I would say I have a slight obsession with New York and it is all Ann M. Martin’s fault.
Now, I am not nearly as bad as Mary Anne, but there is a part of my heart that is fully in love with The Big Apple. I read this book excessively as a kid.
During the summer between sixth and seventh grade I got the opportunity to go on a school trip to Boston and New York. During the bus ride from Boston to New York, I re-read New York, New York to get myself all revved up for the cool places I was about to visit.
My visit to NYC wasn’t really anything like the BSC’s. I was approximately their age and there is no way I would have felt comfortable running all over the city by myself (not that there was any chance of that happening of course). But that didn’t really matter to me. I still had a blast.
So in New York, New York, the girls are off to Stacey’s hometown during a school vacation (seriously, I wish I had gone to SMS, they never had to go to school).
How cool are Stacey’s dad and Laine’s parents? They gladly put up six girls that they barely know for the entirety of their vacation. Claudia and Mallory spend most of their time in art classes (the basis for the trip), Kristy finds a stray dog and Jessi helps her keep it a secret (and finds her first “boyfriend” — she’s 11, I can’t say that word seriously), Stacey and Mary Anne play baby-sitter/travel guide to two children and Dawn will barely leave the McGill apartment.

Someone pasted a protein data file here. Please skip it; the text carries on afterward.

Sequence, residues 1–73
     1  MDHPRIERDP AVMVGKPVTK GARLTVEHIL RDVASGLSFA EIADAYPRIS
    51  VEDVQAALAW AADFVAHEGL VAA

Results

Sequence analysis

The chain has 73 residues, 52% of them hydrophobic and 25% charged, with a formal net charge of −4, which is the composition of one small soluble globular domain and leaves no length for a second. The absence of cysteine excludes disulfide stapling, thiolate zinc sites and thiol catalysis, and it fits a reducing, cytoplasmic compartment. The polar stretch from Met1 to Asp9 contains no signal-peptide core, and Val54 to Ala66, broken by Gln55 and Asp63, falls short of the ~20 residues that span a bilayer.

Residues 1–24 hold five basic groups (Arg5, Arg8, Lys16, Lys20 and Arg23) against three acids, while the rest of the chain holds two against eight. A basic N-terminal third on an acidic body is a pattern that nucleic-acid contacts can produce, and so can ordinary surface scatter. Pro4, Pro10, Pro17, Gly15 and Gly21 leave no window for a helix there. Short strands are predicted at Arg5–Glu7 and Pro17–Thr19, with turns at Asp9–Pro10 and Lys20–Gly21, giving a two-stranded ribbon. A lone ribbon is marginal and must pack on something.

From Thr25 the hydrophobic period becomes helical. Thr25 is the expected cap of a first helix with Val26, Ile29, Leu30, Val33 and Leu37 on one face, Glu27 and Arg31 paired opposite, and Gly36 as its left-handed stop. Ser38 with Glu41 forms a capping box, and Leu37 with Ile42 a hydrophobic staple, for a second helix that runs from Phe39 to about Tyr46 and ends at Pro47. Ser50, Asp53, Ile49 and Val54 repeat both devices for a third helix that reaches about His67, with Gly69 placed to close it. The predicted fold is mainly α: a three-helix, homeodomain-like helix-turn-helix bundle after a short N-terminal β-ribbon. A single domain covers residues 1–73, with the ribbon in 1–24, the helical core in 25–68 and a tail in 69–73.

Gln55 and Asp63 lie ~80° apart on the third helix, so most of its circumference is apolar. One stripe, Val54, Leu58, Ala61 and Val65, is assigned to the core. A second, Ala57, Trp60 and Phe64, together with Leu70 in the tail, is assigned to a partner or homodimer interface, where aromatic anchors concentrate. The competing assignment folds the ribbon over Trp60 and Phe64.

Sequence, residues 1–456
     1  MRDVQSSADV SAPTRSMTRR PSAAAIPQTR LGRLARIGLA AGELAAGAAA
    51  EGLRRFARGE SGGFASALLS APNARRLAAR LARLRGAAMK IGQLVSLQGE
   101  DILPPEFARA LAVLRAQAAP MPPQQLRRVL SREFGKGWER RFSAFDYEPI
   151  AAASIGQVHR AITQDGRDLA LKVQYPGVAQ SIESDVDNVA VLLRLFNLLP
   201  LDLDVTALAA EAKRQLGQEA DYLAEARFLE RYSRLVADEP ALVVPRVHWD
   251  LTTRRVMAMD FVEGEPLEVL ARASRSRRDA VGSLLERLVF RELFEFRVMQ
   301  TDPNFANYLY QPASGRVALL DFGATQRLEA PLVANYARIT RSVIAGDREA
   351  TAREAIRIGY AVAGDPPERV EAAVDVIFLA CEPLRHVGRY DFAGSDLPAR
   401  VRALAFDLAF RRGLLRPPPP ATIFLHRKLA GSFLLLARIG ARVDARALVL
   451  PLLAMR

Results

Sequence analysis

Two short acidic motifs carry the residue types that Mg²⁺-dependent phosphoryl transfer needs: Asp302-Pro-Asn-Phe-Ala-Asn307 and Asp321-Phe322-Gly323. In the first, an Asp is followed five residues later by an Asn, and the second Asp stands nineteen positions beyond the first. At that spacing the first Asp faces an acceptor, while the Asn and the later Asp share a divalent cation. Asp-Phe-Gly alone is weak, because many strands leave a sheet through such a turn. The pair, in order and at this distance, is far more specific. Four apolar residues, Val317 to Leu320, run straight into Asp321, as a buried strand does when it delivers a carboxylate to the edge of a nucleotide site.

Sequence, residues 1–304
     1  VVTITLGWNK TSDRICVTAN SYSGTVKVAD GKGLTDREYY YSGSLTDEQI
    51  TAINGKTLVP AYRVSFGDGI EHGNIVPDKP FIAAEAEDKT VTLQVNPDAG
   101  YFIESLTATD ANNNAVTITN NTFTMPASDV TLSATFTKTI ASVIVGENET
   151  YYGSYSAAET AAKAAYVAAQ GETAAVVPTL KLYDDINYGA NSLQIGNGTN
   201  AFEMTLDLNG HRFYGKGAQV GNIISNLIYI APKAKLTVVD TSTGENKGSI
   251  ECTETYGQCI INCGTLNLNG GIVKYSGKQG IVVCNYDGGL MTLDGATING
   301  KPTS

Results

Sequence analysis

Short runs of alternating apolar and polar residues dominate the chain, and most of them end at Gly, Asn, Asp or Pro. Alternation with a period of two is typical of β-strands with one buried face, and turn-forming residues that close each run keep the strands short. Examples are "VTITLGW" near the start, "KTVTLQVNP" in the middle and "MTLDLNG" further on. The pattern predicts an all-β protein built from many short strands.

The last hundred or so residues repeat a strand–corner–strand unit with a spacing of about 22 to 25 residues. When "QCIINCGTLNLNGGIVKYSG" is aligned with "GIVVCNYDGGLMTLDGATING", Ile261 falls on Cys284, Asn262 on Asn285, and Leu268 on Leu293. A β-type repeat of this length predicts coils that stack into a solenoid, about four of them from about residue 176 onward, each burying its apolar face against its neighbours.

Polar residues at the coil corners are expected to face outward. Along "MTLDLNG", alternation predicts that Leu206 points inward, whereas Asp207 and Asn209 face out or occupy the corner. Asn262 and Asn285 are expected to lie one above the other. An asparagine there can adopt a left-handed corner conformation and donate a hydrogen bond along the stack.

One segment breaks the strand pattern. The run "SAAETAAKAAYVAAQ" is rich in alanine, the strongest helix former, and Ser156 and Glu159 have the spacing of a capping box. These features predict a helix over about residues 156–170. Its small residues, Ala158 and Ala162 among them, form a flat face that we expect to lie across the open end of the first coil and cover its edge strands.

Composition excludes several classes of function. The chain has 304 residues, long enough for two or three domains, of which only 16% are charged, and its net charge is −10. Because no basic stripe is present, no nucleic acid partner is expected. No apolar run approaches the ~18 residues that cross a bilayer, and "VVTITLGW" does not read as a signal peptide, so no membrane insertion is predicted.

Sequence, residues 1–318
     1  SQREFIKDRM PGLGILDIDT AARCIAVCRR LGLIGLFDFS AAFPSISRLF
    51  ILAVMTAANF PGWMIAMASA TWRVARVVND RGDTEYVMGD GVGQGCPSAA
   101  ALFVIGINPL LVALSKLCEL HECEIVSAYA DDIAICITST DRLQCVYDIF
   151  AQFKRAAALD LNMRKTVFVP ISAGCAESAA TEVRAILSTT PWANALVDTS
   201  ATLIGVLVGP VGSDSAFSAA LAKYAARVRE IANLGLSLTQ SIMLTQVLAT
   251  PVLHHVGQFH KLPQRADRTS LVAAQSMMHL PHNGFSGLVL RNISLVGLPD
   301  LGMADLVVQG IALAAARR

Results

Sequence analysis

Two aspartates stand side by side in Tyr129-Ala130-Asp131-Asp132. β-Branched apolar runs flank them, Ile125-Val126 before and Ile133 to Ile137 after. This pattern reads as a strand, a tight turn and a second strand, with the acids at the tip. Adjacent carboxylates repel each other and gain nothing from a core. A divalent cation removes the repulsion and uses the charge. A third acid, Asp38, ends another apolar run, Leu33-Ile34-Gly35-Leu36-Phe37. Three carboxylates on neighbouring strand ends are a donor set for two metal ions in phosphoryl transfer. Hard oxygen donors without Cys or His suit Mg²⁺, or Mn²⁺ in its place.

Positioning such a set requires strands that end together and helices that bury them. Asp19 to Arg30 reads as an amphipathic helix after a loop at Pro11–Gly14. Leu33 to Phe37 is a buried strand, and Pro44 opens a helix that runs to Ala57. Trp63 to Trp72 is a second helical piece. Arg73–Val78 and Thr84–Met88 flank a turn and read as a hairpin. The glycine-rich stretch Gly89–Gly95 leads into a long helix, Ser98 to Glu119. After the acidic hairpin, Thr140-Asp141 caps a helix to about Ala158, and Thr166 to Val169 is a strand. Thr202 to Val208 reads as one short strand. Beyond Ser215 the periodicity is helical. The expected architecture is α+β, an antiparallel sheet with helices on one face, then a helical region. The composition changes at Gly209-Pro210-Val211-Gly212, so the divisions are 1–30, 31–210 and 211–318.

The book follows a similar plot to the rest of the Super Specials. Each chapter is narrated by a different girl and has multiple storylines since the girls are usually off doing separate activities. It ties up with them spending a night on the town together before they head back to Connecticut. A simple and fun read (and still one of my favorites!).
Also really cool about this book- the illustrations are done by Ann’s father. I really liked that element, especially because of Claud and Mal’s art class. It made it seem like they were creating the art instead of getting “photos” that often leave me wondering who was holding the camera?